She’s A Woman - The Beatles

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"She’s A Woman" - The Beatles (1964)

Recorded in October 1964, legend has it that "She's A Woman" was conceived by McCartney on the way to the studio- and then recorded that very same day.

McCartney said this was his attempt “at a bluesy thing”, using the Little Richard style of singing into one of his songs.

The song begins with the most awkward rhymes in the Beatles’ catalogue: “My love don’t give me presents/I know that she’s no peasant.”

A chocalho, which is a type of metal shaker, was used for percussion. They hits the spot right on with the style of the blues McCartney is singing.

The song approaches rhythm and blues more with a pop sweetness than with a dirty mind. The clipped guitar yelps that set it off teases the ear only after the band enters do George’s carefully yanked chords sink into the offbeat of the ensemble. There is added the purest distillation of a backbeat, an invarying succesion of snare hits and guitar chops whose only lateral linkage is supplied by Paul’s brilliantly strained lead vocal and his enormously loud and mobile bass guitar.

McCartney takes his keyboard work to a new level in his overdubbed Steinway line in this song- which substitutes for lead guitar in the second verse. (In addition o his newly highlighted bass and piano work, George’s Gretsch solo doubled at the unison in this song shows how double-tracking could alter the tonal qualities of a guitar solo.

Beatle scholar Alan Pollack writes:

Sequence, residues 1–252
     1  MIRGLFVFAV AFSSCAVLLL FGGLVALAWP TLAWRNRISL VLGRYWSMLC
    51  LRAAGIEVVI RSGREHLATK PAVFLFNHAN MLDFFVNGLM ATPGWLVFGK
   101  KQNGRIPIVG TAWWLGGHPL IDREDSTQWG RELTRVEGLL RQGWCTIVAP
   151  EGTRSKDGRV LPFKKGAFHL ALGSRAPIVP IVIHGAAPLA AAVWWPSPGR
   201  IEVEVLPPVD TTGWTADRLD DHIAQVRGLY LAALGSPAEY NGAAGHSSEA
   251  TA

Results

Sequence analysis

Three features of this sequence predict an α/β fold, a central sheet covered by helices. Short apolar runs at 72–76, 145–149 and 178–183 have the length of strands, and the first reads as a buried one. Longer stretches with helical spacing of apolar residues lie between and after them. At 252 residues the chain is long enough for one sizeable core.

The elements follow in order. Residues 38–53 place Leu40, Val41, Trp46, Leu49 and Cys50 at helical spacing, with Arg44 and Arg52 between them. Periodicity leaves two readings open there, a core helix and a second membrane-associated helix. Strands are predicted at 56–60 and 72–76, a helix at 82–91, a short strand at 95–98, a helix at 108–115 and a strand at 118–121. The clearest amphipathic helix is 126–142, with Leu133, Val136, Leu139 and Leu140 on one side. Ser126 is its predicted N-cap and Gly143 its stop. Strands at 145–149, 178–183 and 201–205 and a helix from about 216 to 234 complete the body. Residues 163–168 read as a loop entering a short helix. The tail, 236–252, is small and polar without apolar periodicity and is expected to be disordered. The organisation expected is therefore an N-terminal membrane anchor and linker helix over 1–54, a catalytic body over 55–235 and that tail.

"There is some nice, ongoing interplay established between the bassline and the piano, though for one precarious instant in the verse which follows the first bridge, the ensemble between the two of them sounds almost ready to fall apart. McCartney sings solo throughout, though he is rather loosely double tracked for the bridges. From one verse to the next, he employs an uncommon (for him) amount of improvised variation on the basic tune. These little twists seem to get steadily freer, louder, and more extroverted as the song progresses; as well they should."

If Paul’s verses side with the girl, John’s responses make sure the song is true to the complexity of human relationships. Speaking for the parents John leaves no doubt about their devotion to the girl even as he takes them to task for defining love in monetary terms. His finale line warns the rest of us against casting the first stone, though, for the parents are not malevolent so much as blind.

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